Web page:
A system study is being conducted by NASA to better understand the potential of airborne wind turbines to meet future U.S. energy needs. These airborne flight vehicles are tethered to the ground and capable of extracting energy at altitudes where wind speeds are higher and more consistent. Even at altitudes as low as 2000 ft, which could be accommodated through FAA Part 77 Ground Obstruction regulations, wind speeds are more than twice that of ground-based wind turbine systems, with the potential for 8x higher power extraction and capacity factors that are 2x greater. Higher altitudes provide even more opportunity for increased power density and wind consistency.
Many small companies are currently pioneering advanced concepts to take advantage of this potential, however, significant technical, regulatory, and perception barriers exist to impede their progress. These potential barriers include airspace access, operational safety, environmental impact, concept of operation viability, economic viability, and energy production scaling potential. Up to this point, no government research investment has been made into this emerging technology research. The objective of this system study is to assemble a complete picture of these systems to help establish a foundation for this future industry, and support the wide variety of concept approaches.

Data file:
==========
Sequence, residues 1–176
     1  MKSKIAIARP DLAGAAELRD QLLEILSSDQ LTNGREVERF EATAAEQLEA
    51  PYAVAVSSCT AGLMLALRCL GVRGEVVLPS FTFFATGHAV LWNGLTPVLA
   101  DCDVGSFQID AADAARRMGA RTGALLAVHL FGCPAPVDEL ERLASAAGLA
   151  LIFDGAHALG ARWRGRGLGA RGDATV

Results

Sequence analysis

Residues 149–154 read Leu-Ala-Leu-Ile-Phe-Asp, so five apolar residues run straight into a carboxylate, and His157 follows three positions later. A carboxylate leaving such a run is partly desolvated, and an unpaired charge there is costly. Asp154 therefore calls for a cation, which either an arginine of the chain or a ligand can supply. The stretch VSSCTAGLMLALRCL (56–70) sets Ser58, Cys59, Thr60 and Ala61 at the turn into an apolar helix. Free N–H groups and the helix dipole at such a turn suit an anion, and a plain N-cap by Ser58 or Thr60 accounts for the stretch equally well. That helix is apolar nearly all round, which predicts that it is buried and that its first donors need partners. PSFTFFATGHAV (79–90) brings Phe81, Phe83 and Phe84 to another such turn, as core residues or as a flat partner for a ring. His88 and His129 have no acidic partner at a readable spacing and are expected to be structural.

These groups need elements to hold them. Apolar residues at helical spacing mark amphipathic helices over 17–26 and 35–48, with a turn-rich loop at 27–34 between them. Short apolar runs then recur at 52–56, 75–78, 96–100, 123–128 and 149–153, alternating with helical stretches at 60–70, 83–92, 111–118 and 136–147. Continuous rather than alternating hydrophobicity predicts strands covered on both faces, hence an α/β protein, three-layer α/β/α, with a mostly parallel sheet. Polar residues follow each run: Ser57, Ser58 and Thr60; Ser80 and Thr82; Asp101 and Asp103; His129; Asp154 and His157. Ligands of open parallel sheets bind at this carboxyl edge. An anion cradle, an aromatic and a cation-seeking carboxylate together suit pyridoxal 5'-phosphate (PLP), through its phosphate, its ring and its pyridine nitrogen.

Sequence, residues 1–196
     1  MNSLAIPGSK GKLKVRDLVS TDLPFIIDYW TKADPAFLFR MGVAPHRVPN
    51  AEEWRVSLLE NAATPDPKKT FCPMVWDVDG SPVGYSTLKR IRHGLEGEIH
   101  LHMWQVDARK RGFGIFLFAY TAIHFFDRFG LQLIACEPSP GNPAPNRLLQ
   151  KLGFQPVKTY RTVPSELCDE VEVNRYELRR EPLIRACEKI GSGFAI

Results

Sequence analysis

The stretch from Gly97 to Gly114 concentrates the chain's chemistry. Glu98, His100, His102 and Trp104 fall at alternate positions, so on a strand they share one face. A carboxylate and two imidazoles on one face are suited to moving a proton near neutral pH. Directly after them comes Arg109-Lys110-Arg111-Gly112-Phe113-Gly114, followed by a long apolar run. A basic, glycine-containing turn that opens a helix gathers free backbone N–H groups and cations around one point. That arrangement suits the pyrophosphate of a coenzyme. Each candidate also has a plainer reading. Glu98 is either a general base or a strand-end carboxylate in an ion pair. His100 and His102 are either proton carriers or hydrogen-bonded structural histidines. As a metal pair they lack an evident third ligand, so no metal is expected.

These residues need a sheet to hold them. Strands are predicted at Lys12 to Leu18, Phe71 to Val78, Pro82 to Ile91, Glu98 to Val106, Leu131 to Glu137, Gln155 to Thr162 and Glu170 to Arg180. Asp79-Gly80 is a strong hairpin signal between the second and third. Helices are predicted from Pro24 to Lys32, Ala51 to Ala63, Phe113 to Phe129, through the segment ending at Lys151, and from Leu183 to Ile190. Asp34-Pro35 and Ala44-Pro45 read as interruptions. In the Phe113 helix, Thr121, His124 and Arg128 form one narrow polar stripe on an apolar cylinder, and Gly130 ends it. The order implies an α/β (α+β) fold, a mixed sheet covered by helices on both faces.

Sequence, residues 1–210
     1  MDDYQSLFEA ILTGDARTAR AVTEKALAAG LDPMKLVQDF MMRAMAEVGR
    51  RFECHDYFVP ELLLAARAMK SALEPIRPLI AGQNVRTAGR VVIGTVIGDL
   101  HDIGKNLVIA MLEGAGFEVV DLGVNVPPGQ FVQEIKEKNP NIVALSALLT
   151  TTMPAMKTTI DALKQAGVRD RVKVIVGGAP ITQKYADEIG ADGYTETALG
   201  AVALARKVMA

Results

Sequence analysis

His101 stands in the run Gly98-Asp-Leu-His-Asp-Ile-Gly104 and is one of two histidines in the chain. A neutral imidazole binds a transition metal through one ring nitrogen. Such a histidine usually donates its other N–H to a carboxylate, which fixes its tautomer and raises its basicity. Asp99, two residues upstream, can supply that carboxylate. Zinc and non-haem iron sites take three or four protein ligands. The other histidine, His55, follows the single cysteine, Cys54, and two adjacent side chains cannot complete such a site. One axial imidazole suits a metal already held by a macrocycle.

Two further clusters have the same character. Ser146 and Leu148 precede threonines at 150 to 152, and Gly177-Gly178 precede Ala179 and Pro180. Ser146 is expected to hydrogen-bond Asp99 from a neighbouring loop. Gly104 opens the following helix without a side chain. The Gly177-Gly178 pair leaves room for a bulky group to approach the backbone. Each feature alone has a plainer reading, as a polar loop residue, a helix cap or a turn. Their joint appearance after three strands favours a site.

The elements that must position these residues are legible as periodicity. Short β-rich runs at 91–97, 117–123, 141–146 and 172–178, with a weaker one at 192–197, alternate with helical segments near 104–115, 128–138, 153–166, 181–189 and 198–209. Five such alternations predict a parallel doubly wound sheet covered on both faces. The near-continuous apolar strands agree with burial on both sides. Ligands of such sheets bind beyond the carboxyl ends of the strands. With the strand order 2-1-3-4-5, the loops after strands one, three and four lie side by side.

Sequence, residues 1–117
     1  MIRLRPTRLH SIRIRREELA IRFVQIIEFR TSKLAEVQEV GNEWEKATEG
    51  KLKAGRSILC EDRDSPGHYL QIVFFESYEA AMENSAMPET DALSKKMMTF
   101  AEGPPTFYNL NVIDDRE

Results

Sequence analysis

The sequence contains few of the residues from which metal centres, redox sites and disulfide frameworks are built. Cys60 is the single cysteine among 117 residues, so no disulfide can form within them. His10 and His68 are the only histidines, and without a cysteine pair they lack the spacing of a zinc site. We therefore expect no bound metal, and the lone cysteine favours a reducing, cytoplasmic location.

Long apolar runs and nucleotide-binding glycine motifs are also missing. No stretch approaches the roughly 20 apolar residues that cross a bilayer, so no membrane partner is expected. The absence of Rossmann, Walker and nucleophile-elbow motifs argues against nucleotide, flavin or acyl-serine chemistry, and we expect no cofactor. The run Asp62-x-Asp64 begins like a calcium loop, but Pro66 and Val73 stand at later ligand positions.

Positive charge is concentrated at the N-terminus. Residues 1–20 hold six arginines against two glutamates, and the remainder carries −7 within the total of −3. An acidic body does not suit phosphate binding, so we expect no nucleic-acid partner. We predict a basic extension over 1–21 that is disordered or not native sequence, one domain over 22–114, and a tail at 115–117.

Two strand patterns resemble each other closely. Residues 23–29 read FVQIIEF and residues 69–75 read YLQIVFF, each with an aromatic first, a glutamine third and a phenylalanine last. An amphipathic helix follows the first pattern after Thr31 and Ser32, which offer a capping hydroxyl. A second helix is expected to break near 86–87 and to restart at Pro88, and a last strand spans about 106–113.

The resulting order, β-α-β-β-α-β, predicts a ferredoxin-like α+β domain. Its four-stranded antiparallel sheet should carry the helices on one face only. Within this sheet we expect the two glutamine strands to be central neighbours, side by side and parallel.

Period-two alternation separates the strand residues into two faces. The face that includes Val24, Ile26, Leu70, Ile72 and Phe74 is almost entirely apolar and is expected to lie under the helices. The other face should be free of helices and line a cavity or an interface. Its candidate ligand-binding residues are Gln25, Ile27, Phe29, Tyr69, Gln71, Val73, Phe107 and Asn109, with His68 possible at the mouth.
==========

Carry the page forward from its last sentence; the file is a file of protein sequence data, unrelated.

Development of an open database of resources
Requirements, desirements, and metrics to guide the development of concepts
Decomposition of the wide variety of concept approaches
Across the board first principles analysis to showcase the feasible benefit frontier
Understanding the gaps that currently exist, and a mapping of NASA technology expertise that can address these gaps.
Point of Contact
Kevin R. Antcliff